This patch could change the way we fight the flu

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microneedle flu vaccination_administration
Image Credit: Rob Felt, Georgia Tech
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Needle-phobes rejoice! A potentially game-changing way to administer the influenza vaccine just performed remarkably well in a human clinical trial.

Read more: Tips to prevent getting colds and flu

Study says new patch is simple and effective flu vaccine

The new method doesn’t involve a shot or a spray — it’s a patch with tiny vaccine-filled needles (the scientific term is microneedle patch) that dissolve directly into your skin. According to the study, the patch is painless and you can apply it yourself.

The results show that vaccination with the microneedle patch was safe, effective against fighting the flu and preferred by participants in the trial. In fact, more than 70% of patch recipients reported they would prefer the patch over a shot or the nasal spray for future vaccinations.

“People have a lot of reasons for not getting flu vaccinations,” according to Mark Prausnitz, Ph.D., Georgia Tech Regents professor of chemical and biomolecular engineering. “One of the main goals of developing the microneedle patch technology was to make vaccines accessible to more people.”

Currently, you have to visit a health care professional to get the flu vaccine. The flu shot has to be stored in a refrigerator and the needle has to be disposed of in a safe manner.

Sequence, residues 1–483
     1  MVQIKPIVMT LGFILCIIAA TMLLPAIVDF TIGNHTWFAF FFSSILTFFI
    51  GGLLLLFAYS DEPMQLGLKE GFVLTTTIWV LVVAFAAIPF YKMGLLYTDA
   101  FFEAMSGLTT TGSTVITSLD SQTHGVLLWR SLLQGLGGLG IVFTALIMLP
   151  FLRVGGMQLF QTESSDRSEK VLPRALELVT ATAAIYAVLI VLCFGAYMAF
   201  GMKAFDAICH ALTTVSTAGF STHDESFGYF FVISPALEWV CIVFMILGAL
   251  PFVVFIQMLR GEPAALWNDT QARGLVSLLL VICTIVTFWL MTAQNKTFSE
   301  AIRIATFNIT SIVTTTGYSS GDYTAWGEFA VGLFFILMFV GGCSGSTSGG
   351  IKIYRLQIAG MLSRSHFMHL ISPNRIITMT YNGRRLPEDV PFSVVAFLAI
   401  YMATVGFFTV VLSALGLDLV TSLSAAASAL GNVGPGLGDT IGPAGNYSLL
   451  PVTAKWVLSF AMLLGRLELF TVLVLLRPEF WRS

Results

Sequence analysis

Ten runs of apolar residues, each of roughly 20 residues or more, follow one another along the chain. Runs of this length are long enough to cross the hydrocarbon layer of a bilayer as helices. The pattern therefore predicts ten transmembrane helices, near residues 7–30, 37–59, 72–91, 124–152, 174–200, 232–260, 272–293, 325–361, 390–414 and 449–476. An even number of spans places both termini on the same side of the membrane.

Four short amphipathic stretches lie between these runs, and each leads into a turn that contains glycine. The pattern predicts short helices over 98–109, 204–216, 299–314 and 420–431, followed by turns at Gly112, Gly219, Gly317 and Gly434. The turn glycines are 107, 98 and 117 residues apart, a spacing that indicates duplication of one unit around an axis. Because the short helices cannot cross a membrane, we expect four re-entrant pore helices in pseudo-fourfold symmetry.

If the microneedle patch hits the market, the hope is that you could pick it up at the store and take it home, put it on your skin for a few minutes, peel it off and throw it away.

While more tests are needed, the microneedle patch will most likely move forward into further clinical trials with hopes of making it available to consumers in the near future.

It’s too soon to tell if the new technology will save you — or cost you — money, but at the very least, the microneedle patch is an interesting development in the way we fight serious illnesses like the flu.

CDC: Tips to prevent the flu

The flu is nothing to sneeze at. In fact, the Center for Disease Control (CDC) estimates that 310,000 people were hospitalized for flu-related illness during the 2015-2016 season.

Read more: 10 of the best children’s hospitals in America

Here are three tips from the CDC to help you stay healthy, especially during flu season:

Get the vaccine. The CDC recommends that everyone six months and older should get a flu vaccine every year by the end of October.

Take everyday preventive actions to help stop the spread of viruses. Cover your cough, wash your hands frequently, and clean and disinfect surfaces regularly.

Take medicine if your doctor prescribes it. Antiviral drugs can make illness milder and shorten the time you are sick. They also can prevent serious flu complications, like pneumonia.

You could get stuck paying your entire ER bill

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Sally McDonald About the author:
Sally is the newsletter editor for Clark Howard brands. She enjoys great travel deals, minimal living and saving big bucks. She lives in Atlanta, Georgia, with her husband.
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